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Your quick guide to a holiday packed with sunshine, salt air and endless shades of blue.


1  |  You’ll experience more by cruise ship.

With so many incredible islands to explore, the route between them could seem daunting. Make life much simpler by unpacking once and leaving transportation worries to the ship’s captain. Many cruises depart and return to Athens, making your onward journey easy. And many of Greece’s most famous islands, like Santorini, have tiny villages, not towns, so you can easily take in most of the sights from the famous cliffs and still have plenty of time for shopping and exploring along the beach. By the next day, you’ll be in a new port. It’s the ideal way to see as much as possible and find your favourite spot for a next visit!


Did you know there are more than 6,000 islands in Greece – but only 227 are inhabited? As a general guide, Santorini, Mykonos and Crete are three of the most popular. Here you’ll find the white-washed buildings with blue roofs, cobblestone streets and the quaint cafés lining the waterfront. History buffs will love Delos, which is said to be Apollo’s birthplace and offers plenty of ancient ruins for exploring. Kefalonia is known for fantastic beaches and excellent wineries. Skopelos provided the setting for Mama Mia, Rhodes is famous for its nightlife and, of course, Patmos is the unofficial centre of Greek religious history.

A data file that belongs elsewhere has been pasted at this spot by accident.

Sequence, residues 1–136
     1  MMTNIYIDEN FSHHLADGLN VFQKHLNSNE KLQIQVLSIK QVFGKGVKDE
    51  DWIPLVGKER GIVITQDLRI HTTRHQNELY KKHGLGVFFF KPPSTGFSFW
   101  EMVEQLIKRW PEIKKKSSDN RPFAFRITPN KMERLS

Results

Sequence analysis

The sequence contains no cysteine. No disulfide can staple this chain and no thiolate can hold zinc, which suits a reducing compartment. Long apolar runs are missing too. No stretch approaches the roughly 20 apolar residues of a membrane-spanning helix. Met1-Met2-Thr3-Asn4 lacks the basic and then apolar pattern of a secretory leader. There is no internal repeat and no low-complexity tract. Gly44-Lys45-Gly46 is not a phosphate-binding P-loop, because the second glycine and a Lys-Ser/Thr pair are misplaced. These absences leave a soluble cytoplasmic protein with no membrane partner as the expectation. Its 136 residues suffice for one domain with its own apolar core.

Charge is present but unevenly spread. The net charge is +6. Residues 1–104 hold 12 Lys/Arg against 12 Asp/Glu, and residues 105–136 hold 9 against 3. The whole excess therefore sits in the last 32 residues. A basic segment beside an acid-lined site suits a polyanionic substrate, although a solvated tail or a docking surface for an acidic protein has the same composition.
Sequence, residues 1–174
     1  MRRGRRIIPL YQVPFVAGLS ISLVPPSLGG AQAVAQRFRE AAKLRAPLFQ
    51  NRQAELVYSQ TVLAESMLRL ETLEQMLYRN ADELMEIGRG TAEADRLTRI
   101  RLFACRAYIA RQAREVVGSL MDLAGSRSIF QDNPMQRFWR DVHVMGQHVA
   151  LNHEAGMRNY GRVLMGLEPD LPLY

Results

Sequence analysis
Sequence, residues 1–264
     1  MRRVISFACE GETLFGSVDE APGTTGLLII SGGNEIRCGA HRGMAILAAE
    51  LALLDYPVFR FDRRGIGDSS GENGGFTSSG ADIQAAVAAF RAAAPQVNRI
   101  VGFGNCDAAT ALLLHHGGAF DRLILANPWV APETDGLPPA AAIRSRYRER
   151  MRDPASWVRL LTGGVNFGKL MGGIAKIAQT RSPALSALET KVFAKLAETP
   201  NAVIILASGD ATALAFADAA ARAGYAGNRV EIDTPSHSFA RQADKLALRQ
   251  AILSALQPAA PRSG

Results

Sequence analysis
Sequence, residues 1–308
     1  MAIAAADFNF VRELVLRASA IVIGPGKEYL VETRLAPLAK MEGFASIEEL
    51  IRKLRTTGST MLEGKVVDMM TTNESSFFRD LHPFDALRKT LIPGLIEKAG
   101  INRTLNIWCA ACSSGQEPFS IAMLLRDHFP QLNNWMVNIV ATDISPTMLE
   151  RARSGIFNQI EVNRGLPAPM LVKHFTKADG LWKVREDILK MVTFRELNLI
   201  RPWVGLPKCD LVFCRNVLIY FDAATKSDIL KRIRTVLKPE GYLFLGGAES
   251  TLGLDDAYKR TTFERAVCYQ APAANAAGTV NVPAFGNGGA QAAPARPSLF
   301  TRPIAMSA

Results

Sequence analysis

2  |  Go hungry and try everything.

The only thing as beautiful as Greek sights is Greek food. Olives are everywhere and the locals’ standards are exacting. It probably goes without saying that the seafood is the freshest around, and calamari is something of a natural treasure. The decadent feta and other cheeses are unmissable, but you really must leave space for moussaka, a baked dish of heaven involving aubergine, mince, tomato, garlic, spices, and cheese. If you like a cockail, taste the ouzo, a dry anise-flavoured aperitif that is unspeakably strong. We don’t recommend matching the locals sip for sip! Wine drinkers should try asking for local barrelled varieties, which are delicious and much cheaper than bottled.


Coffee lovers should look out for Ellinikos, a popular Greek preparation in a traditional long-handled copper pot. When ordering Ellinikos, select your sweet tooth: Vari Glyko (strong and very sweet), Metrios (medium sweetness) or Sketos (without sugar).

3  |  Greece makes a fantastic family holiday.

Family is a major part of Greek culture, and locals love seeing families visiting. Many of the sun-soaked beachfront resorts offer kids clubs just for the wee ones. On top of that, the country boasts a good number of waterparks and archaeology experiences. For an unforgettable adventure, ask your consultant about family sailing trips.


4  |  You can visit working archaeological dig sites.

If visiting Greece’s incredible ruins and museums is only just skimming the surface of your curiosity, ask your consultant about a day trip to a working archaeological dig. You’ll experience history being made first-hand as you take in vast settlements and tiny dwellings in the process of being uncovered.